Thursday, November 15, 2007

before the snow, fiercely

We came by this place in the Adirondack night. The moon had been with us in plattesburgh and now as we overshot lake placid into Elizabethtown for groceries, and kept on wrongly, to find ourselves bookended by low cliffs like the craggy beards of so many miners.
My pal tapped the dome light and the moon made an irish exit.
We were lost. Retreated backwards until we found 73, wound south. Noshed on turkey sandwiches over-mapled in syrup until we came through Keene, past the Olympic high jump training facility, steel girders and concrete pillars naked without snow.
He read the map and made the car dark again and told me it was at the peak, our turnoff.
That place came and went, no turnoff in sight. The rain came and went, like flour tossed before the kneading of bread.
But we came about this place, through the trees, over the one-lane bridge housed with aluminum that roared under new rain, past the lodge. There was a notice posted warning of bears, of illegality of alcohol in camp, and of a temporary closure, though payment in the morning was accepted. Cash or credit.
The lean-to was three walls, a floor, pitched roof; it faced the firepit, a dense thicket of alders and by the heavy stroke of wind come through them, we werent far from the cliffs we'd seen from our lost highway.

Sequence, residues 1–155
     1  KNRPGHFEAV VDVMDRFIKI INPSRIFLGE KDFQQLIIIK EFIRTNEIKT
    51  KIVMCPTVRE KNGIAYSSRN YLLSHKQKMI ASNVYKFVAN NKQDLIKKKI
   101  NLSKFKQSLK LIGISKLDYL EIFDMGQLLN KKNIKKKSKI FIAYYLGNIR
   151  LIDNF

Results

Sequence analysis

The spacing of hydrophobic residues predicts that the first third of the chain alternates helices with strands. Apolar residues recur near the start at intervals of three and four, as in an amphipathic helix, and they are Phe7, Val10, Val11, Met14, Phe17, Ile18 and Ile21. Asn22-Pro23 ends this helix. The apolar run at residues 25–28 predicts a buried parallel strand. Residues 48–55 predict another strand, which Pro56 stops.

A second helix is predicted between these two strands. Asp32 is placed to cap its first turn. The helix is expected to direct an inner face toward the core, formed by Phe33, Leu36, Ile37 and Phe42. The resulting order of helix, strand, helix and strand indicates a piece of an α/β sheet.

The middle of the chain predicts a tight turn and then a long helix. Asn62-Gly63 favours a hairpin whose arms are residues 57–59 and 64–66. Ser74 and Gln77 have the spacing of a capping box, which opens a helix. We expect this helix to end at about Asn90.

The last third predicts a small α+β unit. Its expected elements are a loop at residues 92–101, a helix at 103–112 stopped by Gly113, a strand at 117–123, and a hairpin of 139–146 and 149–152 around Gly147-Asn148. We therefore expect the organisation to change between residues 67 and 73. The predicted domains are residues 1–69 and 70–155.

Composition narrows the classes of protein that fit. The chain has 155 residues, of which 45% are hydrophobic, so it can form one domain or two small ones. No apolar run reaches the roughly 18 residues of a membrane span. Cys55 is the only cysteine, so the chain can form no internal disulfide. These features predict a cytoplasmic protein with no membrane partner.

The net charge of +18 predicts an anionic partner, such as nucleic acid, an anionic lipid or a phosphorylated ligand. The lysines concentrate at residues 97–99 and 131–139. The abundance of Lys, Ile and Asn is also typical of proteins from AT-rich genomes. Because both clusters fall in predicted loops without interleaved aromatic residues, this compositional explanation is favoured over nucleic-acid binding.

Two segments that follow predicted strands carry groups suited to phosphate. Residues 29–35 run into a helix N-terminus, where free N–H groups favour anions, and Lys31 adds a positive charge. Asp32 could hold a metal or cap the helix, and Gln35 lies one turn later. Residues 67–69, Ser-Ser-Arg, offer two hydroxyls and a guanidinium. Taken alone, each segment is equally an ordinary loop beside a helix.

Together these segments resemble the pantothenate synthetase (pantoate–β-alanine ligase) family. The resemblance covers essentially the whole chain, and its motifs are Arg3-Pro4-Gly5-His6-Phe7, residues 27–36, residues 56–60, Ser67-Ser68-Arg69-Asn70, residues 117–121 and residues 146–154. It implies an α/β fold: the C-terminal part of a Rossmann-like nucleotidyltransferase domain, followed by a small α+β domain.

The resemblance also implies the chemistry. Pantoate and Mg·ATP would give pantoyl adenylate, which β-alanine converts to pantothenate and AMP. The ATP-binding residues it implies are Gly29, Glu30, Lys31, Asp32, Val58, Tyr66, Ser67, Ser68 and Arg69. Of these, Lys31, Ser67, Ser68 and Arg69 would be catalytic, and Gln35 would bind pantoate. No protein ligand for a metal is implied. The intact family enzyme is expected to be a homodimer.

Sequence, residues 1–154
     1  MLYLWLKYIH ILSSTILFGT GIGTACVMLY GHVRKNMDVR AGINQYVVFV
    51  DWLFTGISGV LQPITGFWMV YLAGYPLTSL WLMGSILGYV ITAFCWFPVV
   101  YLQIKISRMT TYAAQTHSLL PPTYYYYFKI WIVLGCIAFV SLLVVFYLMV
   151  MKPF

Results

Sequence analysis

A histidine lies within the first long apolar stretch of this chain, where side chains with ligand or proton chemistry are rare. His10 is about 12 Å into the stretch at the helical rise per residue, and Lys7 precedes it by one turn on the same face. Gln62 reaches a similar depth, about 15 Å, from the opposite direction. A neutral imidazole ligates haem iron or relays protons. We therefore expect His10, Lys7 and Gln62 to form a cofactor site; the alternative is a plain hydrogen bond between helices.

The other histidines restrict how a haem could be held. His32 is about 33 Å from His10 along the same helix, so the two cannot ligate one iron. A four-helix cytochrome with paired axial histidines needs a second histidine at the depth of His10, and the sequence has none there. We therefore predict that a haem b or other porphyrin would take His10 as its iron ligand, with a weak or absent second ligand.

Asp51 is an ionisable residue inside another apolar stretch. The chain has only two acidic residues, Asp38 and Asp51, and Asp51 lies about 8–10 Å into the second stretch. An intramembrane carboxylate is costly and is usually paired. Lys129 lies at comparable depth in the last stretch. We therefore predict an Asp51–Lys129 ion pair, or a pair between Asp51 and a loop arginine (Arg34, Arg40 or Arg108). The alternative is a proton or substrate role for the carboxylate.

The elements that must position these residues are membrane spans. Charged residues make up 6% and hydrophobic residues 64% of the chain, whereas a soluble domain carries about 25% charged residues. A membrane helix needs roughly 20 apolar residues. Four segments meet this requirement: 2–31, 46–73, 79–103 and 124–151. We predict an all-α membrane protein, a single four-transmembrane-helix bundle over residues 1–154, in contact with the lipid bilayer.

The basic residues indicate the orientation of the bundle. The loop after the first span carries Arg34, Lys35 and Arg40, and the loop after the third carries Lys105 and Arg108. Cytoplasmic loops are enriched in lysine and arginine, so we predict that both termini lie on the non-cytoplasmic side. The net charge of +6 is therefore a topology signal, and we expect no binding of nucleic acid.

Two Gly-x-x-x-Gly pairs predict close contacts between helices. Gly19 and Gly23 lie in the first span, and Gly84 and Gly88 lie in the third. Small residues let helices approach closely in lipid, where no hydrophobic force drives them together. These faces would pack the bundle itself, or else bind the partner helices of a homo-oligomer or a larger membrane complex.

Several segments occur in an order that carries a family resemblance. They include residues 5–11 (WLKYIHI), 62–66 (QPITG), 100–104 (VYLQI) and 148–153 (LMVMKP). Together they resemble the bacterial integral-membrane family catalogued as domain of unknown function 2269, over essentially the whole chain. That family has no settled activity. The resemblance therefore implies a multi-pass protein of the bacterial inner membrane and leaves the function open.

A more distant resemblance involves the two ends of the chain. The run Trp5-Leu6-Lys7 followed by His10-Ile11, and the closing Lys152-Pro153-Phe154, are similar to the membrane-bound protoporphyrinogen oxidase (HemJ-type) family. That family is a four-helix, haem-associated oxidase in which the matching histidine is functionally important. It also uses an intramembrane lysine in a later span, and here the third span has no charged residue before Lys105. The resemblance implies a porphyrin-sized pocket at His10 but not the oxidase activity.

The rain came harder as we tossed our bedding into a heap on the floor of the structure, and I built a fire. I stood over it, held out the folds of my jacket that my back might bear the brunt of the rain, and the flames might catch.
They did.
I finished my beer, felt the burn in my throat. Lifted the lid of another and drank that, too.
My friend feared for bears. He bit his lip and pulled a sheepskin around his ears. Asked, could they smell the beer in our bottles? I wagged my finger and told him he'd better finish it, then. He kept his back to the wall, tucked under a mound of blankets, away from the fire.
We put our bottles face-down in the pit with the coals and the burning logs and the last drops hissed out and it was dry. Under gust of wind and flog of rain, those bottles would shatter in the night.
But we would not clean the shards for many hours, when we woke under breath of light snow, destined for cheap coffee with the taste of burnt olives and snake shit and we would cook our soup by the river on that bluff where the wind spread our fire in the trees and but for the heaving gift of snow might have cooked a cavern in those adirondacks on that morning on the first day of november.